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8/2-8/6/15 LL Valley-North Lake Off Trail Odyssey

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8/2-8/6/15 LL Valley-North Lake Off Trail Odyssey

Postby giantbrookie » Sat Aug 08, 2015 2:18 pm

Gold at the End of the Rainbow 2015.

Note: this is a long post, so I apologize in advance for the length and the likely profusion of typos and grammatical slip ups.
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Map view of the trip route

Nowadays folks are saturated with hyperbole. It’s not good enough to be good. A star is commonplace and a superstar is what a star once was. People are math intolerant, so they invent absurd terms such as “110 percent”. I’m not into this BS. I will say that this was an excellent trip and I mean it. Why? Great off trail backpacking (primary focus of trip) and one singular moment of High Sierra fishing—one hour--of what folks such as me dream about but may never get to experience. Is this “my best High Sierra trip ever:? No. Why? Because this wasn’t one I did with my wife (who was my partner on my very best ones). OK, is this my best High Sierra trip w/o my wife or dad (not to forget my peak bagging trips with my dad from the late 60’s to late 80’s)? Dunno. Has some serious competition (Tunechuck 2008 comes to mind for fishing, Mordor I (2001), and Mordor II (2002) exceed it in off trail theatrics. Time will tell, and this will be measured only in my own memory. Day 1 of this trip coincided with my 56th birthday and in this respect this trip resembles the 2014 Lost Lakes-Algers trip and the 2008 Tunechuck trip in that I celebrated a birthday on the trip. Note fishing folks: owing to that one hour I am a bit more vague about location specifics than usual—If you want to read about the fishing, skip to the end, because I’ve had to make the fishing part non-chronologic for good reason. As regular readers know, I don’t worry as much about spot burn and such as most, but… Anyhow I’m sorry, but don’t bother to PM on the specifics unless you are able to provide me with a senior level (ie full professor) geology faculty position in the academic institution(s) of my choice in the SF Bay Area.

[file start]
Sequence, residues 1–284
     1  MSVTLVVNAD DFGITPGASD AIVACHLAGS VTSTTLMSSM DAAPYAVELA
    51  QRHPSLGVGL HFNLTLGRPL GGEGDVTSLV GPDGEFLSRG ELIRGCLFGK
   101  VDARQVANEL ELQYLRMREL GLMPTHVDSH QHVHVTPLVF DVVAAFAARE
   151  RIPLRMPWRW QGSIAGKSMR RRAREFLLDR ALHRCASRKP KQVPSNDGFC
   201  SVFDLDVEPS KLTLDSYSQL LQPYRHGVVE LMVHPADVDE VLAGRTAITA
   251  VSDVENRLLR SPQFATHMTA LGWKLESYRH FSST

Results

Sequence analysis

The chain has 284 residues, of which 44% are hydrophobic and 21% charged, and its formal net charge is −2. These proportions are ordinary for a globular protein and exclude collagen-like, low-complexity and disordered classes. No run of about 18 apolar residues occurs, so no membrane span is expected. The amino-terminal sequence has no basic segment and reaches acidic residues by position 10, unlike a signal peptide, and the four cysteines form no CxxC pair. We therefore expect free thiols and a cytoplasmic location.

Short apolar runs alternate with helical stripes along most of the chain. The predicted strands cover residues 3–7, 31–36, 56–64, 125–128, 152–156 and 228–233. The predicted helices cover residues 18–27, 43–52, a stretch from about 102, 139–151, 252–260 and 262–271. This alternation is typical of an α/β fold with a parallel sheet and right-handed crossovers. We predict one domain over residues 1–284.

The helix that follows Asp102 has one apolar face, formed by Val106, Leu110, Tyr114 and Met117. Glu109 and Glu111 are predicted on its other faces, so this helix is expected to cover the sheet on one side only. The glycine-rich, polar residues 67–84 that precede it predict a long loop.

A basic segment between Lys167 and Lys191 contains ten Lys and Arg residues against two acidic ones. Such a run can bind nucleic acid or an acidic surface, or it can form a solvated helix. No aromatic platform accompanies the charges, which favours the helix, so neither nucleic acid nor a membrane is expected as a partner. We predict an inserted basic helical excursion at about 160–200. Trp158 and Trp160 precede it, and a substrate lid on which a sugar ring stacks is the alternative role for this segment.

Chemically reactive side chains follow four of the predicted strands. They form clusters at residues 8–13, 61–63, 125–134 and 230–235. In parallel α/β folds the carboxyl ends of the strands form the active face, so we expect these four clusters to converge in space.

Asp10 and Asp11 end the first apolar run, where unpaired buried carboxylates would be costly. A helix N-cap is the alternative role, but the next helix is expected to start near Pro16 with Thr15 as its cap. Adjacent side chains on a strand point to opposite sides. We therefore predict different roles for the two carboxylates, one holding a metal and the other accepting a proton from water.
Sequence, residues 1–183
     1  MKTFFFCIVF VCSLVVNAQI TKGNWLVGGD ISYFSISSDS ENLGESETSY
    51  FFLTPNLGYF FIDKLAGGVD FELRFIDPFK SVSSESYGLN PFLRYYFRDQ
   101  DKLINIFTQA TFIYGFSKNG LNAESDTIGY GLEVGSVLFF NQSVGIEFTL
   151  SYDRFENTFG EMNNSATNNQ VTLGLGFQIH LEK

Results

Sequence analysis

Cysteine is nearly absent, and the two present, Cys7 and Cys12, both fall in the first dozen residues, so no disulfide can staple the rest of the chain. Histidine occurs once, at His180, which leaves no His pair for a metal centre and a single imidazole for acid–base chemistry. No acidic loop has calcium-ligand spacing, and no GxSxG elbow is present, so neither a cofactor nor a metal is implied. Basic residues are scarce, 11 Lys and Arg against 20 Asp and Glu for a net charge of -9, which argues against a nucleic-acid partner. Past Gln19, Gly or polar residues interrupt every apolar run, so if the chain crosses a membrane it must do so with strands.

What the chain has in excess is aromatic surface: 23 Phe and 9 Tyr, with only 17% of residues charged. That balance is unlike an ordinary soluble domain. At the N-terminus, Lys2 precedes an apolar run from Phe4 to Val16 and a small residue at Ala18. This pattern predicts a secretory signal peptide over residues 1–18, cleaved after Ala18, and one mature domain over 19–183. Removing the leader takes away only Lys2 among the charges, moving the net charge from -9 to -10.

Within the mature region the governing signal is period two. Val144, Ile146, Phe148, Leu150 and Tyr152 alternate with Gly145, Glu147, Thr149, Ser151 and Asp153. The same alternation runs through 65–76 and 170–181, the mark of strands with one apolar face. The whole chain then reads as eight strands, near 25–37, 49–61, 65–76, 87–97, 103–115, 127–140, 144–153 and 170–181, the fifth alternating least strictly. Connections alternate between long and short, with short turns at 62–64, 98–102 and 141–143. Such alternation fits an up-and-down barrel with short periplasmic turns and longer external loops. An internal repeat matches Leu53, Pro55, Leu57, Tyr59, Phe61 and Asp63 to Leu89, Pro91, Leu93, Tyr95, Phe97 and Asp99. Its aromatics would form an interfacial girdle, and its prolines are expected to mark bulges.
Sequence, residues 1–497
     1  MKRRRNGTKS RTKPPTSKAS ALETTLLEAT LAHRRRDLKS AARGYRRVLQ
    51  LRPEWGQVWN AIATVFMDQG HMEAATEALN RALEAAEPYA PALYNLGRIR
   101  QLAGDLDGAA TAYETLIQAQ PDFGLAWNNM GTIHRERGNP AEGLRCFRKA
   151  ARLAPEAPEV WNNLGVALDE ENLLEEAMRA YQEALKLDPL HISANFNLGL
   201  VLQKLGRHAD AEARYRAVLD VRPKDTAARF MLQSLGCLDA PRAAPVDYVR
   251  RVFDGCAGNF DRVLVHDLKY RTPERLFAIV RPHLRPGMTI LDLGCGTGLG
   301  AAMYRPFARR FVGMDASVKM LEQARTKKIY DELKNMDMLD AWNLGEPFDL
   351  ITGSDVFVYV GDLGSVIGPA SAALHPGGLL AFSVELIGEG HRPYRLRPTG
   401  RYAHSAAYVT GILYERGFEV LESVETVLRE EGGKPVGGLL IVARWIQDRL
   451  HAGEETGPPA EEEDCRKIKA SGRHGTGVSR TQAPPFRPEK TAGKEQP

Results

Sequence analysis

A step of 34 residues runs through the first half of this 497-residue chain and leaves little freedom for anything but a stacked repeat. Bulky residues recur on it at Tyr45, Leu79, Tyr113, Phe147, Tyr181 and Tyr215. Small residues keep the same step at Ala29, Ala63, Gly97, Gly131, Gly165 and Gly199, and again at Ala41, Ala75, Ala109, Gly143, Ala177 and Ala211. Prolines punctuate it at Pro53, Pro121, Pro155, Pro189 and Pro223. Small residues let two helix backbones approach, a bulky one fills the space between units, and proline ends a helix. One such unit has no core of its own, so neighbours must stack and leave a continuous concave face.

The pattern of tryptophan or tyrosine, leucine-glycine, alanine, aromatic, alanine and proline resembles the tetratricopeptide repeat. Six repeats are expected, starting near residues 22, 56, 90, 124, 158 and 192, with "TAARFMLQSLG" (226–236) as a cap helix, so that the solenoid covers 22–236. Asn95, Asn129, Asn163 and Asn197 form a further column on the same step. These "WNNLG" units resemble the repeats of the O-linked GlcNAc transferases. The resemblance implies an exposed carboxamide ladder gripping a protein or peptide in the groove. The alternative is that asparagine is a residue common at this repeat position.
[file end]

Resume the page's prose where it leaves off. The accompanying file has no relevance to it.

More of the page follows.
Prelude (“Day minus 1”). August 1, 2015. The plan was to go out of Little Lakes Valley, but I couldn’t reserve a wilderness permit for Aug. 2 entry, so I figured to drive up to Mammoth on the 1st with arrival not long after 11am to swap my reservation (entry from Pine Creek for a grueling day 1 up Morgan Creek) for a walkup LLV permit. I left Fresno later than usual because my son Lee (13) wanted to do a pancake breakfast for my birthday, for which I would be absent for. It was a fine breakfast, following up on his awesome kitchen performance on Friday in which he baked a German chocolate cake beyond anything I’ve ever had because he had heard the family legends of my memorable 10th birthday which I celebrated at Monarch Lake (Mineral King) in 1969 after bagging Sawtooth Peak on a Sierra Club trip—an adult trip member happened to have a Sarah Lee German Chocolate cake that he shared with me for my birthday. Yes Lee is a phenomenal young chef, but back to the story…